Both propose more office space, but offer relatively few specifics. Adams backs a “Zoning Text Amendment to encourage more commercial development,” as well as speeding the New York City Economic Development Corporation’s Request for Proposals for such space in Downtown Brooklyn.
The DBP proposes “less prescriptive” zoning and city help for cheaper Class B office space. Unmentioned is the DBP’s vocal support for making permanent several incentives that are now active in the area (and outside most of Manhattan), such as the Industrial and Commercial Abatement Program (ICAP) and the Relocation and Employment Assistance Program (REAP).
Perhaps such incentives are justified, given the current preference for residential space, but shouldn’t the DBP have mentioned them? And didn’t we learn from the rezoning that incentives may need a sunset, especially if the real estate market changes?
The distortions of history and geography matter because they suggest mission creep and concentrated power in the Downtown Brooklyn Partnership, a not-for-profit local development corporation that faces little government oversight but rather answers to its board, dominated by the real-estate industry (and co-chaired by the CEO of Forest City Ratner, arguably the most powerful developer in Brooklyn).
The Downtown Brooklyn Partnership, focused on growth, doesn’t acknowledge the losses, what Anderson and film producer Allison Lirish Dean called a “sort of red-lining in reverse.” Thus, it’s dismaying that, in a press release heralding the DBP report, Borough President Adams declares satisfaction that local stakeholders have partnered to focus on the “shared goal” of “prosperity for all who live and work in this exciting community.” That wasn’t the goal ten years ago, and it’s hardly clear that’s the focus now.
One goal may be further expansion. The DBP report addresses not only the area that faced rezoning but also what it calls the “Downtown Brooklyn Community,” including the residential neighborhoods of Brooklyn Heights, Cobble Hill, Boerum Hill, Prospect Heights, and Fort Greene.
The DBP has expanded, in 2011 taking over the MetroTech Business Improvement District (BID), in 2013 unsuccessfully proposing a BID that would include the Barclays Center and Atlantic Yards site, and last year expanding the MetroTech BID to include the Atlantic Center and Atlantic Terminal malls, along with sites in the Brooklyn Academy of Music cultural district.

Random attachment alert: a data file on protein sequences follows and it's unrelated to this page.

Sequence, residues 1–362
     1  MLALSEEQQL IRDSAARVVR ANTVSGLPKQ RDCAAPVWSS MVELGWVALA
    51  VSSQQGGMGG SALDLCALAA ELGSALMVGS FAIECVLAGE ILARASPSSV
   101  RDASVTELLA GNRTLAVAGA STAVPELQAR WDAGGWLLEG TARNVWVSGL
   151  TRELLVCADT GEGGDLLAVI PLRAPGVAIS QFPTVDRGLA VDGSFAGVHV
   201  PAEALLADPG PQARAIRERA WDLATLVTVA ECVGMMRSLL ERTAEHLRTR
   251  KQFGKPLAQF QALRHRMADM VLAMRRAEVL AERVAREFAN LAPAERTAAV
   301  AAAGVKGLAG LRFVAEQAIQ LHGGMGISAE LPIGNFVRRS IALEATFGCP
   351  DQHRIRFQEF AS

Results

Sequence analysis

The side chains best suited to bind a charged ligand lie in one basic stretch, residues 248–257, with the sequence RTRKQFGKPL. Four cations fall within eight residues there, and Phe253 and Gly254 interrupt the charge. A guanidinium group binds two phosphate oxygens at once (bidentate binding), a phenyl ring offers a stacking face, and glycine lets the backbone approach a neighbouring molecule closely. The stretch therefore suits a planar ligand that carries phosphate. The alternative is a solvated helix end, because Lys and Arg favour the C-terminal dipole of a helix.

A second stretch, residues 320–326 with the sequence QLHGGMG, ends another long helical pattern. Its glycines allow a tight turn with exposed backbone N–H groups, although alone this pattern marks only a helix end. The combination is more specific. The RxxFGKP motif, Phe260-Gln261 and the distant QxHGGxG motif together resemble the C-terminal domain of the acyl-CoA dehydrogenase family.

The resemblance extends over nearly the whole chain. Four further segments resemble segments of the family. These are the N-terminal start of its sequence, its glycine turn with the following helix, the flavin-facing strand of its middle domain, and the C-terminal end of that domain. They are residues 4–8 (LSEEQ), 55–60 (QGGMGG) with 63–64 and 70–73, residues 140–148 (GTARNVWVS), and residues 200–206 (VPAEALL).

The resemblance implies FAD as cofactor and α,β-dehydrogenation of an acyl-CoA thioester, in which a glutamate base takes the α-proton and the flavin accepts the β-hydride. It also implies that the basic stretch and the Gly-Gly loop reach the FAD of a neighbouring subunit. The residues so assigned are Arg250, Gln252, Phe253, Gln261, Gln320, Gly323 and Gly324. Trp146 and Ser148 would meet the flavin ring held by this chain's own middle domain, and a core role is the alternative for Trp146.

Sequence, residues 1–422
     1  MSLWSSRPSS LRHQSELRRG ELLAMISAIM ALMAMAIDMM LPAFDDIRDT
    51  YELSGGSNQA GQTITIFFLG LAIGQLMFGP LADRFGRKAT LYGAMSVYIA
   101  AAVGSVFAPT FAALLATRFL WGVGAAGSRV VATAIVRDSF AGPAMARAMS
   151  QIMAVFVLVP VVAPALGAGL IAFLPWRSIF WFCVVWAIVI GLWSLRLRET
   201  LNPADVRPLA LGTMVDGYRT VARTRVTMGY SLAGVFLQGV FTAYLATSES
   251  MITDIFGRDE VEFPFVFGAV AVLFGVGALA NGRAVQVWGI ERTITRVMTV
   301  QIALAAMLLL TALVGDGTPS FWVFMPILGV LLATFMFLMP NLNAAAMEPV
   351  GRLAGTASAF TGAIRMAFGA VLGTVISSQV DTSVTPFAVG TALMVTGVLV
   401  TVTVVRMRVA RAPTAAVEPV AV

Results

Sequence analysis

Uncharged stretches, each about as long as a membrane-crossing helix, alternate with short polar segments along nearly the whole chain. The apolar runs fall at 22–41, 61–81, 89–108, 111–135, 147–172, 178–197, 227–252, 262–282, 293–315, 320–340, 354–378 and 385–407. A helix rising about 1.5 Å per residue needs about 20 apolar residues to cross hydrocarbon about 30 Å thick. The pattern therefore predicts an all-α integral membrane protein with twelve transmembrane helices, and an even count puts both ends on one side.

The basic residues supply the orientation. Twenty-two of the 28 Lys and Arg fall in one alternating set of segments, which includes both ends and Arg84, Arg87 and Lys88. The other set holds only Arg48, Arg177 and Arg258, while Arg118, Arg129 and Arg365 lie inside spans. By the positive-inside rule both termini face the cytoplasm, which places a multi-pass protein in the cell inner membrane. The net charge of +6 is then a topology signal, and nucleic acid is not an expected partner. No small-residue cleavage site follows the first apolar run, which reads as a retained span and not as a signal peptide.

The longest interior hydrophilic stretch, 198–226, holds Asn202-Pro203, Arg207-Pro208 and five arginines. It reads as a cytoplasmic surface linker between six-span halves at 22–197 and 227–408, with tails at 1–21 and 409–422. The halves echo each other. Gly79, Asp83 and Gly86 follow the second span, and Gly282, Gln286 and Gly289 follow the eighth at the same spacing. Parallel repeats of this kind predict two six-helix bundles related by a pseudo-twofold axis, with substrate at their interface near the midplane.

Today, the DBP’s president, Tucker Reed, is the spokesman for Downtown Brooklyn, quoted as validating a planned “supertall” residential building next to the Dime Savings Bank and the developer Greenland Forest City Partners’ proposal for the borough’s largest office tower, to be achieved by audaciously moving the significant bulk planned for a tower at the tip of Atlantic and Flatbush Avenues—over the Barclays Center and its temporary plaza—across the street to a site approved for a far smaller building.
“The city invested $400 million in downtown Brooklyn at the time of the rezoning,” Reed recently told NY1. “We’re now tracking close to $10 billion in private investment.” That increase of $6 billion from his group’s 2015 total likely includes the nearby Atlantic Yards/Pacific Park site—again outside the rezoning.
Such an ever malleable approach to “Downtown Brooklyn” should remind us that business boosters don’t necessarily make honest brokers.
Norman Oder writes the Atlantic Yards/Pacific Park Report, a watchdog blog.
One thought on “CityViews: Distorting Downtown Brooklyn’s Past Can Only Obscure Its Future”
Excellent report. . The main intention of the rezoning was to increase commercial/office space in order to retain and attract companies and jobs. When over 1 million sq feet of office space where lost to residential
conversion or demolition for high rise luxury buildings, Calling this a success is shilling.
To sum it up the rezoning:
1. Did not increase office space, it decreased it.
2. Residential development in the area did not positively affect affordability.
Most of the surrounding neighborhoods witnessed a huge surge in rent prices.
The only way this can be viewed as a success would be if the original intention was to transform a business district in to a luxury high rise residential district at the lowest possible cost paid by land owners and developers. Perhaps it was a Trojan horse all along.